Energy and environmental issues presently attract a great deal of scientific attention. Recently, two-dimensional MXenes and MXene-based nanomaterials have attracted increasing interest because of their unique properties (e.g., remarkable safety, a very large interlayer spacing, environmental flexibility, a large surface area, and thermal conductivity). In 2011, multilayered MXenes (Ti3C2Tx, a new family of two-dimensional (2D) materials) produced by etching an A layer from a MAX phase of Ti3AlC2, were first described by researchers at Drexel University. The term “MXene” was coined to distinguish this new family of 2D materials from graphene, and applies to both the original MAX phases and MXenes fabricated from them. We present a comprehensive review of recent studies on energy and environmental applications of MXene and MXene-based nanomaterials, including energy conversion and storage, adsorption, membrane, photocatalysis, and antimicrobial. Future research needs are discussed briefly with current challenges that must be overcome before we completely understand the extraordinary properties of MXene and MXene-based nanomaterials.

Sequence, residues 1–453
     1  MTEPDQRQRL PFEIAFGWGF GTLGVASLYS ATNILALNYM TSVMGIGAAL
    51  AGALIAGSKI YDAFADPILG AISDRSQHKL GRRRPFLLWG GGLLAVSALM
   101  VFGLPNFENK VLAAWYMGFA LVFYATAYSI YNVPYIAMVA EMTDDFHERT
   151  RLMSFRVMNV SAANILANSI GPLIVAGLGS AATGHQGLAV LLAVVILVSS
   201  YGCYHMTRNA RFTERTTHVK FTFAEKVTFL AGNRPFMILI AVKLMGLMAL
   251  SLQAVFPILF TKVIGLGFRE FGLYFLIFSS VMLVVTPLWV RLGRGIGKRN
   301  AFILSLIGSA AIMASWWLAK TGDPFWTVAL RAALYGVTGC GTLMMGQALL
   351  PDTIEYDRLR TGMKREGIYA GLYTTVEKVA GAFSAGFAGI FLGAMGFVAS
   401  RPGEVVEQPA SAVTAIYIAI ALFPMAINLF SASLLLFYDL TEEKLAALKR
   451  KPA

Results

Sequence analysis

- MXene-based nanomaterials
- Energy storage